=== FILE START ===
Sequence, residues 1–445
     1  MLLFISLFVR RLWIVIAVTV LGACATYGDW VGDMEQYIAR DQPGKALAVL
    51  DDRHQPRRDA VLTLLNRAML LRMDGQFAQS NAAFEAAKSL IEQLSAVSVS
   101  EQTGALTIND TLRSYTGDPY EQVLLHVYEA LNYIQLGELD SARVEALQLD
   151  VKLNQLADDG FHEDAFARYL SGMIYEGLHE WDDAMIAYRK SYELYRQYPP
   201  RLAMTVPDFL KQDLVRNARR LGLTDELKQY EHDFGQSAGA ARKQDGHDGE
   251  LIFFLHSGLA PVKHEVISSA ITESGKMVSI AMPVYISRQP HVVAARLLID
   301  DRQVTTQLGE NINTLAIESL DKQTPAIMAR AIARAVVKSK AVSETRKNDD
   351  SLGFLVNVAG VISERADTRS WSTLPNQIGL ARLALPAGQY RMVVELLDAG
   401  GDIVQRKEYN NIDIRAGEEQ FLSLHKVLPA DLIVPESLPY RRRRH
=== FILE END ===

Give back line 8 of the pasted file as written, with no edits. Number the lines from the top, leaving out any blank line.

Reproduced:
   301  DRQVTTQLGE NINTLAIESL DKQTPAIMAR AIARAVVKSK AVSETRKNDD